Effect of tolerance on the evolution of antibiotic resistance under drug combinations

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Science  10 Jan 2020:
Vol. 367, Issue 6474, pp. 200-204
DOI: 10.1126/science.aay3041

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Challenges of drug combinations

Combinations of antibiotics are used to treat intractable infections such as methicillin-resistant Staphylococcus aureus. Clinically, however, drugs tend to be used empirically, and results can be contradictory. Liu et al. translated observations made in vitro to patient samples to understand the role of antibiotic tolerance in promoting or suppressing resistance when drug combinations are used (see the Perspective by Berti and Hirsch). Although bacterial populations exposed to multiple antibiotics can develop tolerance to multiple drugs, one drug in a combination may be able counter resistance to a partner drug and provide effective therapy. However, if tolerance has already emerged to one drug, the combination may end up promoting the transmission of resistance to a partner drug.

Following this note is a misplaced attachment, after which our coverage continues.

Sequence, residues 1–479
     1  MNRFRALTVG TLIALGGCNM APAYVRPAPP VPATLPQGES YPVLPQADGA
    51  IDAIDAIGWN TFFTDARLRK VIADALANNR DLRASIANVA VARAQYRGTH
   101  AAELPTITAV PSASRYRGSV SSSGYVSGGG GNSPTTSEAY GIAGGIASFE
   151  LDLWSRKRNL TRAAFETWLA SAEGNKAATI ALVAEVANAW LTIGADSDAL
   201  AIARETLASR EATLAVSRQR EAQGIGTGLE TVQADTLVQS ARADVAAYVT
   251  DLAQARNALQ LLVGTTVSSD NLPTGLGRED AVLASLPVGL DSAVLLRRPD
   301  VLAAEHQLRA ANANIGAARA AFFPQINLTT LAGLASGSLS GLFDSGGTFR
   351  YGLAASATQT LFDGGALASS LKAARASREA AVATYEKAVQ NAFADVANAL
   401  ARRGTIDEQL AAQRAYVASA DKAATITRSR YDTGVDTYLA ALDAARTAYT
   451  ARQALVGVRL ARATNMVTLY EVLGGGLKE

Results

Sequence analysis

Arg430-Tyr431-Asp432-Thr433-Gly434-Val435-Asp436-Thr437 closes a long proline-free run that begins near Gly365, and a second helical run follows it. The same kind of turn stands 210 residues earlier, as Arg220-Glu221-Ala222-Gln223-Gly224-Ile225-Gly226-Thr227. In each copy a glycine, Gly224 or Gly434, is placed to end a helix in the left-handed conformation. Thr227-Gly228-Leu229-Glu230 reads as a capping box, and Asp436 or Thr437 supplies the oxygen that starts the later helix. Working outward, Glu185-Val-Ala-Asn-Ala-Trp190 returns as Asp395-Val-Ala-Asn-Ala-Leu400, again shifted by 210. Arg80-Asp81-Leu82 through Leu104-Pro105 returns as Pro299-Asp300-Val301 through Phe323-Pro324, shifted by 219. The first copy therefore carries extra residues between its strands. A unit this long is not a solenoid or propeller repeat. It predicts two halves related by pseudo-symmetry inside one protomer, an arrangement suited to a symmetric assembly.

Science, this issue p. 200; see also p. 141


Drug combinations are widely used in clinical practice to prevent the evolution of resistance. However, little is known about the effect of tolerance, a different mode of survival, on the efficacy of drug combinations for preventing the evolution of resistance. In this work, we monitored Staphylococcus aureus strains evolving in patients under treatment. We detected the rapid emergence of tolerance mutations, followed by the emergence of resistance, despite the combination treatment. Evolution experiments on the clinical strains in vitro revealed a new way by which tolerance promotes the evolution of resistance under combination treatments. Further experiments under different antibiotic classes reveal the generality of the effect. We conclude that tolerance is an important factor to consider in designing combination treatments that prevent the evolution of resistance.

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